The popularity of learning the Talmud though Daf Yomi now comes with visuals, not only through illustrations but also renowned experts in the field. “We try to bring things to life so that people can relate to it,” said Rabbi Eliyahu Simcha Bamberger. In his role as a coordinator of the Rav Chaim Yisroel Belsky Global Chulin Initiative, he brought renowned Chulin expert Rabbi Amitay Ben-David to Kew Gardens Hills last Sunday for a presentation on this tractate.
Cosponsored by Chazaq, the Vaad Harabonim of Queens, and Meal Mart, this Agudath Israel of America event took place at the Agudah of Kew Gardens Hills. “Rabbi Den-David wrote the book Sichos Chulin and runs a school for shochatim in Jerusalem. His sefer is an ideal companion for learning Chulin,” said Rabbi Bamberger. He noted that there are nearly a thousand Daf Yomi shiurim across America, and Agudath Israel works with them to provide programming relating to the topics at hand. “We are also working to prepare everyone for the Siyum HaShas on January 1, 2020, which is expected to be the biggest yet in the history of Daf Yomi.”
Rabbi Ben-David demonstrated the sharp blade of the shochet’s knife and compared it to one with serrated edges, which drags the flesh, causing pain to the animal being slaughtered. “The mitzvah of sh’chitah is to cut the two simanim,” he said, pointing at the trachea and the esophagus of the chicken. As he tore into the bird to show its organs, the smell proved that the chicken was not a prop. “You’re not allowed to press the knife when cutting the simanim. There is no stopping and the length of the knife must be two neck lengths of the animal.”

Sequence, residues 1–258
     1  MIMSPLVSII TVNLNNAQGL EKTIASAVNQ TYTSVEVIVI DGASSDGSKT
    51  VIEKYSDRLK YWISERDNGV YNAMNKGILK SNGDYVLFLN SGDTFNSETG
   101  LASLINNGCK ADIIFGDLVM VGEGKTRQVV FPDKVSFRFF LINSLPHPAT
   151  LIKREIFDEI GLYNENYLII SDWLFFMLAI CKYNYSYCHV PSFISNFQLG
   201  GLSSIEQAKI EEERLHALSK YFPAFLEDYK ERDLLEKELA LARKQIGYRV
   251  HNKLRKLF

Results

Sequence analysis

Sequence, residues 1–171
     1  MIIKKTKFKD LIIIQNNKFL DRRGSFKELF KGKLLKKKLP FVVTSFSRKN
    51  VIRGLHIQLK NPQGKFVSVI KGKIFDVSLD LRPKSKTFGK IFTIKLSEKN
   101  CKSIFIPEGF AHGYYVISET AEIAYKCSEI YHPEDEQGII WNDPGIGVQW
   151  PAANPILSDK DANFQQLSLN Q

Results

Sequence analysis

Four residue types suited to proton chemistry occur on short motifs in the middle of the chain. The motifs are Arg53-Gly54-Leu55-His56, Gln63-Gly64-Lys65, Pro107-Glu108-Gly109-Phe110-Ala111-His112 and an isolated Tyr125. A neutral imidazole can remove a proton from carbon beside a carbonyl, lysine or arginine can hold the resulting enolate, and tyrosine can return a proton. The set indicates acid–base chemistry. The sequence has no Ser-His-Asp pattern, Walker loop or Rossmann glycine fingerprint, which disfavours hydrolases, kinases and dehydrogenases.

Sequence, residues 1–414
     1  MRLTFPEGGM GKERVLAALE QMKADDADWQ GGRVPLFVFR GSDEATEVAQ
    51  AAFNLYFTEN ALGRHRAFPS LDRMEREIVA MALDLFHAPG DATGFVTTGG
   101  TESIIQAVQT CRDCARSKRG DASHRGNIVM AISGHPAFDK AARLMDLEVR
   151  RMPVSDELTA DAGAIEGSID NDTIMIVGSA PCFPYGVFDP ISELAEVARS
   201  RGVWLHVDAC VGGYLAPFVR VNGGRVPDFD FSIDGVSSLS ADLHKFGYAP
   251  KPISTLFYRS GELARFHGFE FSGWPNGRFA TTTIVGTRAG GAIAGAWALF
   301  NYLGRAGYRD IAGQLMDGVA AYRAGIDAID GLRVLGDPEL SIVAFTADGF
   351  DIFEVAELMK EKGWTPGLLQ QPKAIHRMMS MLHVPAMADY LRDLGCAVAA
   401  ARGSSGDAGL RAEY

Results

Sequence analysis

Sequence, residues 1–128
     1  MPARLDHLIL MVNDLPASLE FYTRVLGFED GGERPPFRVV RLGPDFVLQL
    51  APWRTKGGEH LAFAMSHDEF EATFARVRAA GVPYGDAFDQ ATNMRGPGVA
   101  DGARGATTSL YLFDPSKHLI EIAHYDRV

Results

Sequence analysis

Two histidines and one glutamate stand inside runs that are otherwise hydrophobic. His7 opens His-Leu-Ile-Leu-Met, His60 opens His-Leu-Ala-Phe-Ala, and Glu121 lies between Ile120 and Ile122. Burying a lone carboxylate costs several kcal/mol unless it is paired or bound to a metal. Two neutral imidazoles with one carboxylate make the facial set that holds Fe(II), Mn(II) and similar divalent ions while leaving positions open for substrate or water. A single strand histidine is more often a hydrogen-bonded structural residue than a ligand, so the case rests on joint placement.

After showing the liver, crop, and gizzard of the chicken, Rabbi Ben-David proceeded down towards the bird’s feet, to show which signs on the feet distinguish kosher from treif. “There are three bones on the leg of a chicken and 16 tendons. A torn tendon makes it treif.”
After the detailed dissection of the chicken, Rabbi Ben-David surprised the audience with a carcass of a lamb. He pointed out items that distinguish kosher from treif – from jaw to hooves – giving the audience an appreciation of the training and expertise behind the production of kosher meat.
By Sergey Kadinsky